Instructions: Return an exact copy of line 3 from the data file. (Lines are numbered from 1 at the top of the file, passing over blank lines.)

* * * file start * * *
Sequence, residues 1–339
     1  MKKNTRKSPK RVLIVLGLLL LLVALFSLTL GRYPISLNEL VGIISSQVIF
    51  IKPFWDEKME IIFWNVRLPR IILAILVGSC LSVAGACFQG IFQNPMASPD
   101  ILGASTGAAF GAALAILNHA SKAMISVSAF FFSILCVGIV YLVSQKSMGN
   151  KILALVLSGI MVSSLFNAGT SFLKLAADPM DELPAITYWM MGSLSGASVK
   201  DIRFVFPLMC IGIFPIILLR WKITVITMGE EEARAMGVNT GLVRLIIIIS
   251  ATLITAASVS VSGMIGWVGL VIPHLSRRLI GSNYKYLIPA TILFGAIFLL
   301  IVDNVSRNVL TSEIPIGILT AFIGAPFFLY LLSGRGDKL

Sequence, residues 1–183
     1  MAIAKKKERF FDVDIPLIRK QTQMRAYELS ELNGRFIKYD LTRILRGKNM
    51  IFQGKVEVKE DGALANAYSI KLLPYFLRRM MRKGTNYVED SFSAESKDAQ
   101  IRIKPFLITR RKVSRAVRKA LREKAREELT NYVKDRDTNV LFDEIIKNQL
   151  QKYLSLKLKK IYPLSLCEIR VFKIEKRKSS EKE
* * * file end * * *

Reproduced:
    51  IKPFWDEKME IIFWNVRLPR IILAILVGSC LSVAGACFQG IFQNPMASPD